THE KING OF KINGS (1927)
Article 4888 by Dave Sindelar
Directed by Cecil B. DeMille
Featuring H.B. Warner, Dorothy Cumming, Ernest Torrence
What it is: The Christ story
The story of Jesus Christ’s arrival in Jerusalem, miracles, arrest, crucifixion and resurrection is told.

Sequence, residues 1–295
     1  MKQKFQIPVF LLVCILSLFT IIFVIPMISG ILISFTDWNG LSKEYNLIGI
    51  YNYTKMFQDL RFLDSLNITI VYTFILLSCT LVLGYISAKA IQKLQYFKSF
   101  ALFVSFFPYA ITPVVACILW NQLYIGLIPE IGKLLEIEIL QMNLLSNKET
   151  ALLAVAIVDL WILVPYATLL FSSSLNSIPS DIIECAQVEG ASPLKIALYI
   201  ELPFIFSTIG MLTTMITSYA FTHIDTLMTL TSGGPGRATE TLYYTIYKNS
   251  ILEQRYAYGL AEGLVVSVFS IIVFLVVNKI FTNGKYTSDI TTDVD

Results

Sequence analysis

Of the various versions of the Christ story I’ve seen so far, this one is easily the best. Why? For one thing, it makes no attempt to tell the whole story; the movie omits the birth of Christ, the early years and picks and chooses which episodes to cover. Various events are taken out of order and juxtaposed together, and new details are added that, as far as I remember, were not in the gospels. The end result is a streamlined version of the story with the emphasis on maximum dramatic effect. There are some brilliant sequences here. One of my favorite moments is the first appearance of Christ. He does not appear until about twenty minutes into the movie; our first view coincides with the miracle of the sight being restored to a blind boy, and it’s a very effective entrance. The sequence where the seven deadly sins are cast out of Mary Magdalene is also quite memorable. Much emphasis is given to the surrounding characters; Judas, Simon Peter, Caiaphas and Pontius Pilate are all given memorable characters and moments. There are some wonderful touches here; one of my favorite moments is when Simon of Cyrene first tries to help Jesus carry the cross. A good deal of credit must also go to the performance of H.B. Warner; in his hands, Christ does much more than solemnly gesture, but is given a natural and quite moving personality. Furthermore, the movie even relaxes enough to have a sense of humor on occasion, such as the scene where the Roman soldiers go fishing. Yes, at two and a half hours, it is a long movie, but it would have felt a lot longer if the various elements hadn’t gelled. As it is, this one is very effective.